Although the cause of autism remains a mystery, one theory is that early brain injury could result in the disorder. A few studies have indicated this could be the case although the results are still far from conclusive. More study is needed to determine whether there is a link, but it's helpful to understand the research that's been done so far.
Autism and Brain Injury Can Look Similar
Autism is a neurological disorder, which means it affects functioning in the brain. A person with ASD may have normal or above normal functioning is some areas and significant challenges in others. This is similar to brain injury, which sometimes affects parts of the brain while leaving other parts untouched. ASD is a developmental disability, which means it affects an individual during key areas of development. Brain injury can happen at any time in life.
Shared Characteristics and Treatment
A 2016 article in the journal Behavioral Neurology explored the many similarities between traumatic brain injury (TBI) and autism, including how the two disorders are treated. There are many symptoms common to both, including anxiety, learning challenges, executive functioning problems, and sensory processing difficulties. The treatments that work for one disorder can also help with the other. However, the article does not draw any causative connection between TBI and autism.
It's important to note this article found a few areas that TBI and autism did not have in common. This included one of the key diagnostic characteristics of autism, repetitive and restrictive behaviors. Those with TBI did not typically display this quality.
The Role of the Cerebellum
A review of the literature published in the journal Neuron in 2014 proposes pre-natal injury to a specific portion of the brain, the cerebellum, may be related to autism. The review underscores the role of the cerebellum, which is located in the back of the brain, in relation to sensory input, social interaction, and facial expression recognition. These are all related to characteristics of autism. Additionally, the researchers note the cerebellum may affect how other areas of the brain develop, resulting in a cascading effect of deficits in a variety of areas.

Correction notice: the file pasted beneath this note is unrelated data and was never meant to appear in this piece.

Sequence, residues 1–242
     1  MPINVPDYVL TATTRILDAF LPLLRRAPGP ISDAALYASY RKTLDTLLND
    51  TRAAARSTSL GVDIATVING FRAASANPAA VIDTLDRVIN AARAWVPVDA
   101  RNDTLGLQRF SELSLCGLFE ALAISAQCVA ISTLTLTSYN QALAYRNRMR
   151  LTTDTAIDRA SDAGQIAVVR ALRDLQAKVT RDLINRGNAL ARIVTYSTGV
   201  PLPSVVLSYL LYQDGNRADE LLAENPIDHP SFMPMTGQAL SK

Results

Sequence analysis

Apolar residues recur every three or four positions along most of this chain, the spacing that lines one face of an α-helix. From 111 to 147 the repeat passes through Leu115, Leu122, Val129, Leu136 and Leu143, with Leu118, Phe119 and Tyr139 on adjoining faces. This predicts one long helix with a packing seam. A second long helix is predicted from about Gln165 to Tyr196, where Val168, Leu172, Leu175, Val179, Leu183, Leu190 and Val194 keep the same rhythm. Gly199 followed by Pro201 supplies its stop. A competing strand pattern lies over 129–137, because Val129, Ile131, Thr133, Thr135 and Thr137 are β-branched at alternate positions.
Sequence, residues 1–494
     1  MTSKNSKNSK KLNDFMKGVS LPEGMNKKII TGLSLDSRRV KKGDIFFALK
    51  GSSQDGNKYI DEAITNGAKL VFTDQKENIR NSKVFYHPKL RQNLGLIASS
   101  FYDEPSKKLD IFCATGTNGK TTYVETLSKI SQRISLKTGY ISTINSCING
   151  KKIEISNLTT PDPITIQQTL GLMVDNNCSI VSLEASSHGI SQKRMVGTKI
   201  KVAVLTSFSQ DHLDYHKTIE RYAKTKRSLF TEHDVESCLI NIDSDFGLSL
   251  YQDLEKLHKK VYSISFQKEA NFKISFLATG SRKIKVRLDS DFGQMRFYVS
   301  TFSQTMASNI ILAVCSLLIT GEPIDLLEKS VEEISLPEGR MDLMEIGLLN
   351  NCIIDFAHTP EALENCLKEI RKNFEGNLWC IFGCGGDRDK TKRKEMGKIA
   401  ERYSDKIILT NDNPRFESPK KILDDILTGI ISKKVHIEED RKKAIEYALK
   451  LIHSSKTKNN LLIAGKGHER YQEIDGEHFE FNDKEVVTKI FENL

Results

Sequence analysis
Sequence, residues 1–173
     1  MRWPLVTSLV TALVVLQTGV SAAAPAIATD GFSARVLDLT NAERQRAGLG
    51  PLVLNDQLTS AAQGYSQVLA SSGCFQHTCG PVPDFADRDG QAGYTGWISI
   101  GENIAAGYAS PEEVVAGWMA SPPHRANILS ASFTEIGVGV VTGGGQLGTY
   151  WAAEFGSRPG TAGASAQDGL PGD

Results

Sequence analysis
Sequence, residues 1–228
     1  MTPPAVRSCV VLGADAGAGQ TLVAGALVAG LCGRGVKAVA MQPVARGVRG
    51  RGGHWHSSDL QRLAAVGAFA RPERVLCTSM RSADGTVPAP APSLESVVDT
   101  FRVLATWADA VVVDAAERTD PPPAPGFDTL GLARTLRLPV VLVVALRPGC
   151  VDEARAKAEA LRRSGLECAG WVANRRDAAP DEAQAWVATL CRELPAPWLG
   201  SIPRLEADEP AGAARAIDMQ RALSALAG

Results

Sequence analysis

The researchers propose prenatal injury could occur as a result of maternal stress or autoimmune response and manifest itself later as ASD. They note more research is needed in this area.
Birth Complications and Autism
Another possible link between brain injury and ASD involves birth complications, especially oxygen deprivation or cerebral hypoxia. This is different from traumatic brain injury, which usually happens as the result of an accident or specific injury. Cerebral hypoxia can begin only five minutes after the loss of oxygen and can result in significant brain injury.
A 2017 study published in the American Journal of Perinatology found birth complications, including oxygen deprivation, were linked to a higher risk of a later ASD diagnosis. However, the study established a correlation and did not propose autism was caused by birth complications.
More Research Needed
Ultimately, brain injury and autism have many, but not all, characteristics in common. A possible link between the two still needs to be explored with more research. A prenatal injury to the cerebellum, a loss of oxygen during delivery, or another factor might be involved in the development of ASD. However, research has not proven that link yet.